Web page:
With rapids to suit all abilities, stunning gorges, and underground river options, there’s lots to love about rafting on the West Coast. Based in Reefton, Inland Adventures can arrange grade 3 and 4 rafting adventures on the Grey and Waiau rivers.
South of Westport, historic Charleston offers caving adventures of a different kind. Here you get to float through glow-worm caverns before tumbling down some gentle rapids on the Waitakere River.
Looking for an even lower-effort adventure? In Greymouth, On Yer Bike Adventures offer muddy missions into the 'enchanted' West Coast rainforest via quad bike.
Aotearoa at its best, and recognised by UNESCO as one of the world’s most outstanding natural treasures, the vast area of Te Wahipounamu South West New Zealand is the place to leave digital distractions behind and immerse yourself in nature.
Start in the little town of Haast, the western gateway to Te Wahipounamu. Perched on the edge of all that wilderness, it’s a base for outdoor adventures of all kinds. There’s walking and hiking, hunting and fishing, as well as a unique jet boat ride. An eco-friendly river safari takes you up the turquoise Waiatoto River into the depths of the dramatic and diverse wilderness that caught UNESCO’s attention (not to mention Lonely Planet, who rate it as one New Zealand’s best boat tours).
Another way to appreciate all this world heritage wilderness is from the air. Scenic helicopter flights take off from Haast and survey cascading waterfalls, alpine lakes, giant glaciers and rugged coastline (look out for Hector’s dolphins).
One of New Zealand’s rarest, Fiordland crested penguins can be spotted on the short but scenic Monro Beach Walk near Haast. They nest here and are often seen bobbing up and down in the surf in spring. Look out for Hector’s dolphins whenever you are near the sea, and New Zealand fur seals too (the largest colony can be seen from the short Cape Foulwind Walkway).
Between Hokitika and Franz Josef, Ōkārito is one of the West Coast’s hidden natural gems.
This tranquil lagoon is best explored by kayak with spectacular mountains-to-sea views and the chance to encounter the rare and mythical kōtuku/white heron. Rare rowi kiwis can be seen (and heard!) in the nearby Ōkārito Forest. For their origin story (and to hear more about conservation on the Coast), visit the hatchery at the West Coast Wildlife Centre.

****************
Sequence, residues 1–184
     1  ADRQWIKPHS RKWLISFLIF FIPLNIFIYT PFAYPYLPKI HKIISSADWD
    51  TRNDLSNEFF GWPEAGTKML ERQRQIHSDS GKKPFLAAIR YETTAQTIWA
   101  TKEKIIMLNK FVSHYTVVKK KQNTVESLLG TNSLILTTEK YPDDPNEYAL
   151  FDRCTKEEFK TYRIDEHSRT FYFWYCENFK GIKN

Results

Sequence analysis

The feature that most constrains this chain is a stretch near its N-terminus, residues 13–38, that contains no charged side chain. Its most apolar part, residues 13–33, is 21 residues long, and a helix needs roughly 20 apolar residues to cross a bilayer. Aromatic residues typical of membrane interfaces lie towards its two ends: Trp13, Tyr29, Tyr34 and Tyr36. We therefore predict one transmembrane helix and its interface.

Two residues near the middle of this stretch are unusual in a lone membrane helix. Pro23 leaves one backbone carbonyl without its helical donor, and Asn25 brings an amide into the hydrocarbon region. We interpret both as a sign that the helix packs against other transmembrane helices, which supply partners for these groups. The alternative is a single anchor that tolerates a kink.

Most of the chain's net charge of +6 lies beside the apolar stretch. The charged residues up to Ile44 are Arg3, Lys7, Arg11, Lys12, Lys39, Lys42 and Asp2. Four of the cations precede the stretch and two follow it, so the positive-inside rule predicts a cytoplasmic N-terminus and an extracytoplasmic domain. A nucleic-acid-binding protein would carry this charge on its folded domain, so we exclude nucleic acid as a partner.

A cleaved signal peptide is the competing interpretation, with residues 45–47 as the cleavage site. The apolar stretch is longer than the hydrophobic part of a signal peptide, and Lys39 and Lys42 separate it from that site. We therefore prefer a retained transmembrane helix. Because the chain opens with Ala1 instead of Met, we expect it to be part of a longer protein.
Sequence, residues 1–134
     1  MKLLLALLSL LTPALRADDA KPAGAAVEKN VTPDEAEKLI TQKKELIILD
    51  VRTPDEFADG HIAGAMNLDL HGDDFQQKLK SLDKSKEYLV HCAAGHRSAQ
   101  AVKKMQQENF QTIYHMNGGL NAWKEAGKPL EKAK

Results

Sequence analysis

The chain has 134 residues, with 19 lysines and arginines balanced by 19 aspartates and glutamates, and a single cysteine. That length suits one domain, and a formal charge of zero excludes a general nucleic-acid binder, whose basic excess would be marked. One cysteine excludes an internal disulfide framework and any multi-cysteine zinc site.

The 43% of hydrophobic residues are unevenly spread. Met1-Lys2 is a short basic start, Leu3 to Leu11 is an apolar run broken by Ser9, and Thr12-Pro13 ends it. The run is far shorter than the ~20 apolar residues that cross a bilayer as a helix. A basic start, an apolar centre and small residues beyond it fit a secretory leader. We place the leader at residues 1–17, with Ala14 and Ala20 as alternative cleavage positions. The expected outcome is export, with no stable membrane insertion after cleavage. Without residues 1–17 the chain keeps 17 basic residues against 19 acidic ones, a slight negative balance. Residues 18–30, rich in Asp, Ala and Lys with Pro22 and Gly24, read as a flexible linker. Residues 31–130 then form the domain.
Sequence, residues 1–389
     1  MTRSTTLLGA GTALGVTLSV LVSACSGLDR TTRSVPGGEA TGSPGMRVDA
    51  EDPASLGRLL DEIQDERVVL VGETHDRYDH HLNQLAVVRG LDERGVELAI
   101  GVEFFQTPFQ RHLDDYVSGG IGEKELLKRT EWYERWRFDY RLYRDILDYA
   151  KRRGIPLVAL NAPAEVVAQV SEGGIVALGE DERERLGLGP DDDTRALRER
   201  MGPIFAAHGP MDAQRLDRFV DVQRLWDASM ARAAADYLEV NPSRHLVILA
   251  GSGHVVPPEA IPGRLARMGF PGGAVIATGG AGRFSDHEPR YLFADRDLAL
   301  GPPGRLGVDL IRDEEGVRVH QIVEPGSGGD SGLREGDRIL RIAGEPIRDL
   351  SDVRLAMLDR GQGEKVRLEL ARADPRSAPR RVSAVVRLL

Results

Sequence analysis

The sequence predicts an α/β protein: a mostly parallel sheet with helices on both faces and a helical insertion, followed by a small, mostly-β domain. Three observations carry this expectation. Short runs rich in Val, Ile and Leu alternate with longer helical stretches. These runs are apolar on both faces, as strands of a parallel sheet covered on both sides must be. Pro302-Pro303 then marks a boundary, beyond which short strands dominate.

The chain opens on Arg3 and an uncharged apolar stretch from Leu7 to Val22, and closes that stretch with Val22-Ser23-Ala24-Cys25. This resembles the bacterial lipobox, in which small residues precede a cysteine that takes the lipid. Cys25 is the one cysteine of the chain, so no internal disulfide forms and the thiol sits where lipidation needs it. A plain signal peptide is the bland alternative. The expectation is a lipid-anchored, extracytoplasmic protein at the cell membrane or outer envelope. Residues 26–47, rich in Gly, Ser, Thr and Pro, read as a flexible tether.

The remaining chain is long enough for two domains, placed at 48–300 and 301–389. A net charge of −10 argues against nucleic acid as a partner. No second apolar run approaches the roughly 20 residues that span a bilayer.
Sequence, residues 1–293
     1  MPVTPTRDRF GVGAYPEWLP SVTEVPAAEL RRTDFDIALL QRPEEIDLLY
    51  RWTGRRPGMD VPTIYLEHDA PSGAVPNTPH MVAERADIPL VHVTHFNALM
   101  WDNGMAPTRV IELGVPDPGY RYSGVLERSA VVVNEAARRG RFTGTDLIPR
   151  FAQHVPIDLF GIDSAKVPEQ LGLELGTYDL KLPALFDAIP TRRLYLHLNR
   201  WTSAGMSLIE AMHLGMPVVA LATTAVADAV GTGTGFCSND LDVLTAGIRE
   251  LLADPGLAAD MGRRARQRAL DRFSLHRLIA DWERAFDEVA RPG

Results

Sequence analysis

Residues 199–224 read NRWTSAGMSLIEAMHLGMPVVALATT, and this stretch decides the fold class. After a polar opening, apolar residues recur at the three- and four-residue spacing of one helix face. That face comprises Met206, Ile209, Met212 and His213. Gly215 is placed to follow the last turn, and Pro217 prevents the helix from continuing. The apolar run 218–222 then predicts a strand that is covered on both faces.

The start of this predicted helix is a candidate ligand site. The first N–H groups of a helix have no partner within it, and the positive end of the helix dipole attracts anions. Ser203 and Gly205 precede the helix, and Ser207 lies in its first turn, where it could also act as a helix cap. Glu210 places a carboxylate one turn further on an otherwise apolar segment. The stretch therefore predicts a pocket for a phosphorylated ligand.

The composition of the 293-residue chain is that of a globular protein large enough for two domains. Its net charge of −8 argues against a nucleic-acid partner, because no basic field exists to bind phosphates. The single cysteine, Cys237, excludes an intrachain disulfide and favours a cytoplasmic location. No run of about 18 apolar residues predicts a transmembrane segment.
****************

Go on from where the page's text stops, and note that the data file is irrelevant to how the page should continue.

To get the most out of your day in nature, retreat to a secluded stay after the sun sets. Or watch it go down from your hot tub at the cliff-top, off-grid Woodpecker’s Hut which offers all the simple luxuries you need. Nearby Punakaiki's Ocean Resort is a classic, with the waves so close you will hear them as you fall asleep at night.
South of Punakaiki, Breaker’s Boutique Accommodation is a peaceful beachfront retreat with just four guest rooms, nestled between the Paparoa mountain range and the mighty Tasman Sea. Even further south, you’ll find the Franz Josef Rainforest Retreat. Laidback luxury is the theme here, you can enjoy spa-gazing from your private hot tub under the lush canopy after a day’s exploring.
Wild landscapes, wild food. If you are feeling like getting out of your comfort zone in more ways than one, visit the annual Hokitika Wildfoods Festival (next edition, March 2024). Just about anything goes (in the mouth) here – from barbequed huhu grubs to wasp larvae ice cream.
Many entrepreneurial brewers and distillers have sprung up here in recent years. Try the stylish Reefton Distilling Co. for tastings and tales about their flagship Little Biddy gin, or visit down-to-earth Hopaholics in Greymouth, a sustainable craft brewery that uses pure rain water in their wide range of beers.
Other West Coast classics include whitebait pizza from Fat Pipi (Hokitika), pub grub with a side of history at the Theatre Royal Hotel (Kumara), and the freshest fish ‘n chips on the beach at the quirky Craypot in Jackson Bay where you’ll feel at the end of the world (in the best possible way).